“In the main lake, there really isn’t much wood to fish, there aren’t good weedbeds, and smallmouths are the most common species. So, you have to fish a little differently. If you run way up the river, you start to find a little more wood like trash piles and blow- downs, and largemouths are more common up there. Fishing those areas with a floating worm or buzzbait is good in the postspawn if you want to target largemouths. But, smallmouths are key on this lake, and to catch them you have to fish structure. The best flats have one or more ditches that drain off the flat to the main river channel. The good ones also have chunk rock and an irregular bottom. There are a lot of deep flats on this lake, but many of them are dead flats, just a smooth bottom that gradually leads out into deep water. What few fish they hold are so scattered you could spend all day looking for them with not much to show for your efforts. If conditions are right though, a good flat should produce some action almost immediately when you pull up on it.
“Flats and tapering points are good because they provide choices,” Heath continued. “Smallmouth are always moving, looking for whatever it is they are wanting right then, and points and flats provide a lot of depth choices in a relatively small area. Finding good areas takes some work. I always keep an eye on my Lowrance depthfinder. It will show you so much if you just pay attention to it. If you see a fish swimming along under the boat suspended off the bottom, drop a shaky-head worm or drop-shot down. Sometimes you can catch one of those “TV fish” and it’s really fun to see your bait and the fish come together on the depth- finder.”
Throughout our trip, Heath consistently reinforced what he considers the absolute No. 1 factor for catching Blue Ridge bass — the wind.
“The wind has to be blowing for the fishing to be good,” Heath said. “Not only does the wind blow the plankton which means the bait and predators are going to follow, but the wind breaking up the water cuts down the light penetration. Blue Ridge is a clear lake. Not crystal clear like in the old days before there was hardly any development in the area, because the water does have a slight greenish tint now, but it’s still clear. My ideal day would be cloudy and windy. But, sunny is ok, too, as long as you have the wind. The worst time to fish this lake would be a calm day with sunny skies. It is going to be tough then.”
Being successful on Blue Ridge means paying attention to the details. Know which way the wind has been blowing the last several days so you know which points and flats should be holding the fish. Keep an eye on the Lowrance for signs of baitfish and active fish under the boat. Even pay attention to the color of the rock you see on the shoreline. While not a Blue Ridge expert by any stretch of the imagination, I had heard a few things about the lake and one of them was to look for white rock. Curious what special attraction dirty white rock would have over light brown rock led me to ask Heath if the white rock rumors were true. Heath just grinned in response.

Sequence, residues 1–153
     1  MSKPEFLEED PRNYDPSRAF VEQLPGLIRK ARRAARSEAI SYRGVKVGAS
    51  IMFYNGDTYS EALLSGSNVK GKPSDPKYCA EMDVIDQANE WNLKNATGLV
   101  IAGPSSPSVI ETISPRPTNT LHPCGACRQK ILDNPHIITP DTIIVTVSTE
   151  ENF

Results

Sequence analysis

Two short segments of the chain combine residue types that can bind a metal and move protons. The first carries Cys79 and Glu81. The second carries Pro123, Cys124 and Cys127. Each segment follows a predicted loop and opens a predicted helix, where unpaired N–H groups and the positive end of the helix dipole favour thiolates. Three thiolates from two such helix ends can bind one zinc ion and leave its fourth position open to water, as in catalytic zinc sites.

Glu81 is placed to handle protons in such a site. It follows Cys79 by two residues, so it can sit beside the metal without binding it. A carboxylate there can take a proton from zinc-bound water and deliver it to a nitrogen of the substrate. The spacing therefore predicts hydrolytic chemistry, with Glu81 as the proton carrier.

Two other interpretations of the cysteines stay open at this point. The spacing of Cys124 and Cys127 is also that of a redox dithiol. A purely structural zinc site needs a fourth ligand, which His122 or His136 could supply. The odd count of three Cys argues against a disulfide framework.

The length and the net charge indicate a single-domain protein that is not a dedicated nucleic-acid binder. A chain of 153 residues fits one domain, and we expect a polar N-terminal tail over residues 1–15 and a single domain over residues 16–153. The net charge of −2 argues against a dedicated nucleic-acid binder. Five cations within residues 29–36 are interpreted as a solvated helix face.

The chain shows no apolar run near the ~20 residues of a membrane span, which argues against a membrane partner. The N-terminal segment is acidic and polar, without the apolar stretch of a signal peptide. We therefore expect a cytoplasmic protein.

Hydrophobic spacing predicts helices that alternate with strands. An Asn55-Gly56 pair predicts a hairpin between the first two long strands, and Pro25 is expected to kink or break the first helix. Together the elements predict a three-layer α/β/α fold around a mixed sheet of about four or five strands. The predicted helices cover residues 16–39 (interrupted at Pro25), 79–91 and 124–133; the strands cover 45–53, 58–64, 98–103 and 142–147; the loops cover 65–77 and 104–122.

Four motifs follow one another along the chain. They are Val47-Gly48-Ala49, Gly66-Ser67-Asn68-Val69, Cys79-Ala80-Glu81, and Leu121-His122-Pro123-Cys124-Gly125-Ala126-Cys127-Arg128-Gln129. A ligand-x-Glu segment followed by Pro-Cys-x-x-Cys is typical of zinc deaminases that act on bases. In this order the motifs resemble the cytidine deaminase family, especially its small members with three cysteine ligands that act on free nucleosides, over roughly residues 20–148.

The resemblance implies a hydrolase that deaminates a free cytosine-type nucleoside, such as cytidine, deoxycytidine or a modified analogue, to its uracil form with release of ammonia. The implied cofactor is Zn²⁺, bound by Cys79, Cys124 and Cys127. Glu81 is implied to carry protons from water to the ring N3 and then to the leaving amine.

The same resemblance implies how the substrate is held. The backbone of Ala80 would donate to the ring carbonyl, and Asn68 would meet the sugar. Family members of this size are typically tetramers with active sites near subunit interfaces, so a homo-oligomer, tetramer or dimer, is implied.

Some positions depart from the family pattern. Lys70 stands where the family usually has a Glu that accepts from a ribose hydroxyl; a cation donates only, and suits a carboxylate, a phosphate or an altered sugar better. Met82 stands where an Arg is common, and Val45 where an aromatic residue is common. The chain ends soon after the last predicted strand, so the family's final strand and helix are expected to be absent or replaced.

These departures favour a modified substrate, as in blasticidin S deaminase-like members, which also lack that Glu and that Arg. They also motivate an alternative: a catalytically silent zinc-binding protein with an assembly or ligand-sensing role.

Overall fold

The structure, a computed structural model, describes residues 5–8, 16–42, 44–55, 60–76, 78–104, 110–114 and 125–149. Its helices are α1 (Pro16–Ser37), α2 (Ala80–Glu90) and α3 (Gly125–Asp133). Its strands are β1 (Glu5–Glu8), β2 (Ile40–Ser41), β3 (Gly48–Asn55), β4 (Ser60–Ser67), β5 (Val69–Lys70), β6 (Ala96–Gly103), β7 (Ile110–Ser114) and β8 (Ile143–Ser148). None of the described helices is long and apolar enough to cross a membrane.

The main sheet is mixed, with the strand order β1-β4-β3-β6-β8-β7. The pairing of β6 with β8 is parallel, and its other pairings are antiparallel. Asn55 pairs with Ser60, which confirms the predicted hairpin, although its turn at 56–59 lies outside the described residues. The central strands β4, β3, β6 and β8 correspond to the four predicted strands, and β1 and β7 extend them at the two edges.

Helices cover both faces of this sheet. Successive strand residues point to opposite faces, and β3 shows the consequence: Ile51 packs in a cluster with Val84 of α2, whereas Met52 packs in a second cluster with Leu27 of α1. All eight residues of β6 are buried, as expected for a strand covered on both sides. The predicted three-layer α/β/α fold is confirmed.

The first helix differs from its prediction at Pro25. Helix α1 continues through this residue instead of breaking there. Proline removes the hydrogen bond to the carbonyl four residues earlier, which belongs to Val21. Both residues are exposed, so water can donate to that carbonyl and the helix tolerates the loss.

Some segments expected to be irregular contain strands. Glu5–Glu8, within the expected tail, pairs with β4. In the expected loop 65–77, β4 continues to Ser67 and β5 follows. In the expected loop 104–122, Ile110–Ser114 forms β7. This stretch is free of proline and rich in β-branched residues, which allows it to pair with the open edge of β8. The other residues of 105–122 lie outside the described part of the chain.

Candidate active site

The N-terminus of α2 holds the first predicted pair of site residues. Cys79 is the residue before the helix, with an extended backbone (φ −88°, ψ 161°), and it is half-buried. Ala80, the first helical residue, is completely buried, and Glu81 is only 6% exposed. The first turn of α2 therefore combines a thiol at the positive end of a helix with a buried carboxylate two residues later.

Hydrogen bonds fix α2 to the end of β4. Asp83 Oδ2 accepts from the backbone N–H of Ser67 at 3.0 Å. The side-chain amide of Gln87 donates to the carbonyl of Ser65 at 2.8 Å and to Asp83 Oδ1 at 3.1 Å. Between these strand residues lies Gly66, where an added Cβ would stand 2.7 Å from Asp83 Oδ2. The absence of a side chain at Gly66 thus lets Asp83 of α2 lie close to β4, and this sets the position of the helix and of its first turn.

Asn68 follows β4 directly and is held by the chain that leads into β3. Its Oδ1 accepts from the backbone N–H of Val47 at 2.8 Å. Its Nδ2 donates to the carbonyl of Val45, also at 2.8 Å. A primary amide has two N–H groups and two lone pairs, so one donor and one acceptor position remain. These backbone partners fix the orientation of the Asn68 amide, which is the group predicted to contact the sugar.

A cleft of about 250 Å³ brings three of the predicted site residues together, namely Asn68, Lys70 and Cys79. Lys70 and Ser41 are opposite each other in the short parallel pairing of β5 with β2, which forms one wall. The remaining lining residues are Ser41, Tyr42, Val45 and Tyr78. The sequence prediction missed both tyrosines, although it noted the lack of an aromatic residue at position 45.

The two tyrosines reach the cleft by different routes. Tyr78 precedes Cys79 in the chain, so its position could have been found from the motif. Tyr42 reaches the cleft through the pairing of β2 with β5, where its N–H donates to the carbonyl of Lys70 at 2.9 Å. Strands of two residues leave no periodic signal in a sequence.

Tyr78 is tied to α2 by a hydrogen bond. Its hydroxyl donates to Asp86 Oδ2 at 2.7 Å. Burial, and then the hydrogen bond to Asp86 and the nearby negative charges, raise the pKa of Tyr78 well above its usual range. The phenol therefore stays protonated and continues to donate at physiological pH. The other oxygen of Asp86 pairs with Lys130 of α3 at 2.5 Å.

“I don’t know what it is exactly,” Heath said, “but white rock is the deal on this lake. Anytime you see a patch of dirty white rock on the bank, you want to give that area a hard look. Many of the best holes have white rock. Fish like to spawn on that white rock too, so it is especially good during the spawn.”
For anglers in a hurry to catch some fish, Heath suggested the fish attractors DNR has been constructing and placing in the lake.
“I avoid the places everyone else fishes,” Heath said, “but I like the fish attractors. In this case, it is kind of reverse psychology. All the local anglers think the fish attractors get pounded since they are marked and avoid fishing them, but the result is hardly anybody fishes them. The small- mouth tend to kind of loosely associate to the attractors, so you want to fish up high and around the attractor. Largemouths will bury down in them, so for them you have to drop a worm or something right into the middle of the attractor.”
Throughout a great morning of fishing, Heath showed what Blue Ridge Lake is about. One after another, hefty smallmouth, aggressive spotted bass and a few bonus largemouths came over the side of the boat. As we wrapped up our trip with about 25 bass, Heath reflected on his home lake.
“Most people don’t know how good this lake has become,” Heath said. “It has gone through a lot of changes in the last few years and in the long run, I’m not sure all of them are good. When spotted bass showed up, it changed the lake, and so did blueback herring. Right now is the best small- mouth fishing we have ever had, but in the long run, I don’t know. The spots are just so aggressive that I am afraid the same thing will happen here that happened on Nottely and Chatuge. On those lakes, the spots eventually just took over the lake and when what few smallmouths are left try to spawn, the bluebacks are just going to eat up all the fry.”
DNR biologists share the same concern and encourage anglers to do their part by harvesting their limit of spotted bass whenever possible. Blue Ridge Lake is a mountain jewel, and Georgia’s only remaining viable reservoir smallmouth fishery. Hopefully, it will stay that way.
The verdict is still out on where exactly the winds of change will take Blue Ridge Lake. For now, Blue Ridge remains a great smallmouth fishery, with good numbers of solid fish. Watch the weather, pick a cloudy, windy day, and head to Blue Ridge with Heath Pack’s hints in mind and jerkbait rod in hand for some exciting action on Georgia mountain smallmouth.
Blue Ridge Lake is just a few miles east of the town of Blue Ridge in Fannin County. To get an update on what the fish are doing or to pick up some last minute supplies, visit Tri-State Bait and Tackle (706) 374-2030 on Lakewood Highway in nearby Mineral Bluff. For a map and underwater video of the DNR fish attractors in Blue Ridge, visit www.gofishgeorgia.com.